Taroko Gorge: Mountains, Seaside And Breathtaking Culture
JUST BEFORE IT REACHES THE Pacific Ocean, the Liwu River welcomes its last tributary: the Shakadang. It curves under a red bridge to pour its uncannily blue waters into the Liwu. The current it joins is a churning slate grey, a hint of the power that has carved out the most impressive valley on the island: Taroko Gorge. The highest peaks here top 3,000 metres, and the plunge to the ocean is swift. Hiking paths are everywhere in Taroko National Park’s 355 square miles – some trodden by hundreds of feet a day, others requiring a permit Cheng Hsiao-ting is a local teacher, but today she has volunteered to answer questions from hikers on the Shakadang Trail. ‘I came here a lot as a visitor,’ she says. ‘I appreciated the service from the staff, so now I want to give something back’. The trail behind her is one of the easier ones, leading along a valley of marble walls and boulders huddled in riverbends. The first part is a gallery carved out of the cliff face, water dripping from the rock overhead. ‘The park is a moody place’, says Ms Cheng. ‘When the weather isn’t good, many trails are shut. But today it is happy to let everybody get close.’
In the mountains beyond the Shakadang Trail are two tiny communities of Taiwanese aborigines: the indigenous inhabitants of the island. Their ancestors are thought to have been the origin of the world’s Austronesian peoples, who fanned out across islands as far apart as Madagascar, New Zealand and Hawaii. Members of the Truku tribe, which once inhabited the area around Taroko Goige, helped blast many precipitous routes out of the rock in the early 20th century.
Beyond the foot of the Shakadang Trail. Highway 8 leads upriver through the park. It’s one of the very few roads crossing the mountains of Taiwan’s interior. Just before the gorge gets truly vertiginous at the Swallow Grotto Trail, there’s a roadside stall where visitors are encouraged to borrow hard hats in case of falling debris from the cliffs. The landscape is the result of a contest between the rock being thrust up by tectonic plate movements and water bearing ever downwards, Taroko Gorge only gets deeper. In the 16th century, Portuguese sailors passing Taiwan named the island Formosa (‘Beautiful’), a name which stuck in the West until modem times. Taroko Gorge and the Qingshui Cliffs on the seaward side of the national park are Exhibit A. On a hillside on the way to the cliffs, Dajili Tribal House is a restaurant serving Taiwanese aboriginal cuisine and also the studio of Truku elder and artist Wen Gui Guo.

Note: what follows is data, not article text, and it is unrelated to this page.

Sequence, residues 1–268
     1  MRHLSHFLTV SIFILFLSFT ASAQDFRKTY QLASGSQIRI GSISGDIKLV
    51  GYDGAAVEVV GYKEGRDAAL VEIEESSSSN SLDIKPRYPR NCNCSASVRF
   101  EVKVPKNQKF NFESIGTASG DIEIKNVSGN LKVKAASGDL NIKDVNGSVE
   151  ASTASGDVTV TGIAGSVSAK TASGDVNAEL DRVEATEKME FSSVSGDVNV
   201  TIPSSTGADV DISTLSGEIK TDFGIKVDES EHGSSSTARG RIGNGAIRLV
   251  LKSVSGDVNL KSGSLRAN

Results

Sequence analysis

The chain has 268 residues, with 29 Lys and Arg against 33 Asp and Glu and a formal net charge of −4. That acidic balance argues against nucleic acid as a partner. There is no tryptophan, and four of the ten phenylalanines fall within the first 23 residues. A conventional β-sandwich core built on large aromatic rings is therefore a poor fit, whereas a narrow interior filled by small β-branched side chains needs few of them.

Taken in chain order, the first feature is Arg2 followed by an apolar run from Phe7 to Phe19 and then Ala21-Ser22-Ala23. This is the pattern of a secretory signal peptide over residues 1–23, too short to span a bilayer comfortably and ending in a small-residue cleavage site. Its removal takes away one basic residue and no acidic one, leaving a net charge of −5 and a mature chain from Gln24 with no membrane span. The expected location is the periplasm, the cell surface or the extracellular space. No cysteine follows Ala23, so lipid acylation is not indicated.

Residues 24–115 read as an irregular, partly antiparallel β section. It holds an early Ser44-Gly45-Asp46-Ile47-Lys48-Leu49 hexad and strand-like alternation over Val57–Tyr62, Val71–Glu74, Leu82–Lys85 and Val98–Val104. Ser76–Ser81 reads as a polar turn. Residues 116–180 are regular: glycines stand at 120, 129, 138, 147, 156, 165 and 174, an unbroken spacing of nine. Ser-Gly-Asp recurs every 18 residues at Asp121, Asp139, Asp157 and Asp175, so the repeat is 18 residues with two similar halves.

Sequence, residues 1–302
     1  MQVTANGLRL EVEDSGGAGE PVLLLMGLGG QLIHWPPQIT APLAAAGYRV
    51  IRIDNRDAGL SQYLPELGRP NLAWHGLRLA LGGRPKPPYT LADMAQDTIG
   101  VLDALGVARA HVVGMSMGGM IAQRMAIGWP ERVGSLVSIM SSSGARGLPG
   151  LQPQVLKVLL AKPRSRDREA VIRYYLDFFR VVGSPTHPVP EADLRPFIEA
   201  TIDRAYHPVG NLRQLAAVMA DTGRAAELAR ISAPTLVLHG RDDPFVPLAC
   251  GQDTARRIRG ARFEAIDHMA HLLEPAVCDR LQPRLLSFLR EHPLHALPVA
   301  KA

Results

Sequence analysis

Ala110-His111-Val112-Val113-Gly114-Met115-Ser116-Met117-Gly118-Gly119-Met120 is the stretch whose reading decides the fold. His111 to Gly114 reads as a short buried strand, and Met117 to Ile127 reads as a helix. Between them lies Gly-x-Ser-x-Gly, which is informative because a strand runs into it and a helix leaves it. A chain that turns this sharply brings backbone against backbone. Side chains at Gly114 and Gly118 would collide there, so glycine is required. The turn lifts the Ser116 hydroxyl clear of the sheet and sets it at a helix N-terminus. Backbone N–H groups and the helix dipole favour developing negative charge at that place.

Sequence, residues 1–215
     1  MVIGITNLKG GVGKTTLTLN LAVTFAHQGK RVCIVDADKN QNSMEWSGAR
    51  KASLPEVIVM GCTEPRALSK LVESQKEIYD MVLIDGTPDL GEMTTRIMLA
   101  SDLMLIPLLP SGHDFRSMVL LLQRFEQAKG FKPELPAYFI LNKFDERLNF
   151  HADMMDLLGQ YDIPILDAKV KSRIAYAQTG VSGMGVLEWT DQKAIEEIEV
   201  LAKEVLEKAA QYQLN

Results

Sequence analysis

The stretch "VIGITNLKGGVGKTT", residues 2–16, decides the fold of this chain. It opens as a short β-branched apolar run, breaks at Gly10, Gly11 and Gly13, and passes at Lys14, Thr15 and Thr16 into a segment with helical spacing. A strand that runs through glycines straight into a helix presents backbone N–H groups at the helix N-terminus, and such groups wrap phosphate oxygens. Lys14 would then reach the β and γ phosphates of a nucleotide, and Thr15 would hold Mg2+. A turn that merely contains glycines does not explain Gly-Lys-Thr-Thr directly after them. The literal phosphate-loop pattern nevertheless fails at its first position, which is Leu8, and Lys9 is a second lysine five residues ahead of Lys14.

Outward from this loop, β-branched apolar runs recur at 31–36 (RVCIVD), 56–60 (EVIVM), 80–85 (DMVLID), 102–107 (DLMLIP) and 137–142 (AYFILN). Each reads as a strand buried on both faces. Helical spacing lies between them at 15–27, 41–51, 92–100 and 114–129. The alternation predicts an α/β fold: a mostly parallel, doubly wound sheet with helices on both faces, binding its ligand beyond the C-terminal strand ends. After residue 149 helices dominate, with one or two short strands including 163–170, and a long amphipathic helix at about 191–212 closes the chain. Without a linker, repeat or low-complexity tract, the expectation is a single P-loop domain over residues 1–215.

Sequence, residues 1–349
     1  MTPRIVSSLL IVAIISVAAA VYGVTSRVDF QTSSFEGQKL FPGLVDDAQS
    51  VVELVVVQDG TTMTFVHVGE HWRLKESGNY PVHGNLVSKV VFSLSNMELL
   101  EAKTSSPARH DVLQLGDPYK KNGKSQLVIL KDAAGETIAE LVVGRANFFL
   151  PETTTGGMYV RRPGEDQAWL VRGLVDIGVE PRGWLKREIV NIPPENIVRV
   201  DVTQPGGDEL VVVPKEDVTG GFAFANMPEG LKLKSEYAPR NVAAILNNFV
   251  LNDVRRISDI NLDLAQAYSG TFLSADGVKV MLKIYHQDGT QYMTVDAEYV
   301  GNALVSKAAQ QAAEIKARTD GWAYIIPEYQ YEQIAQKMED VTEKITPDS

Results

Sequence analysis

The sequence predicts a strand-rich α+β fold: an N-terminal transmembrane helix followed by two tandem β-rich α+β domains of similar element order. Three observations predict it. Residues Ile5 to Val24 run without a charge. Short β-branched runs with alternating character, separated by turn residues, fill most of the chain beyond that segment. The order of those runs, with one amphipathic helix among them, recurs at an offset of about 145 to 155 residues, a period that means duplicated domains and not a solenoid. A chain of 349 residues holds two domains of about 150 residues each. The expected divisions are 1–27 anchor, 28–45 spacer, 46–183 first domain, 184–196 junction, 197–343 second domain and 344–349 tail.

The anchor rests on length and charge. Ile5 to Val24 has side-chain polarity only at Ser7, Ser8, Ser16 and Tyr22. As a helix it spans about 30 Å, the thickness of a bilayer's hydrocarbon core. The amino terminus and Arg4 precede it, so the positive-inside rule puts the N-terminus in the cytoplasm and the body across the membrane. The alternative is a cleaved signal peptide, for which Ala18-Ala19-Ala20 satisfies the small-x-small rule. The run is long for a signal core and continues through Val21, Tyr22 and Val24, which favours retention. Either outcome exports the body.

‘I make sculptures from driftwood I find after typhoons’, he says. His paintings are still-lifes of flowers and landscapes easily inspired by a studio that looks out onto both mountain and ocean. ‘In my paintings I try never to have houses or bridges, only big nature’, he says. ‘If you include man-made things in a landscape, your eyes are drawn to them and you don’t think of the natural beauty.’ Then with an apologetic glance at the vase of flowers on the canvas behind him, he adds: ‘You need a vase there as the cut flowers have to have something to stand up in. At least it’s made from earth.’
It’s easy to take his point in the national park, where some of the most photographed scenes include an artfully placed pavilion or small temple. At Changchun Shrine, a veil of water cascades from under abridge into the Liwu River. A small belltower is just visible above the treetops. Reached by a rope bridge and a steep walk, it sees few visitors. A staircase inside leads to a balcony, looking out over a great bend in the river. A rope hangs loose beside the bell, waiting for pilgrims to sound it. When the bronze boom echoes out, it fills the valleys for a long moment, then all is peaceful again.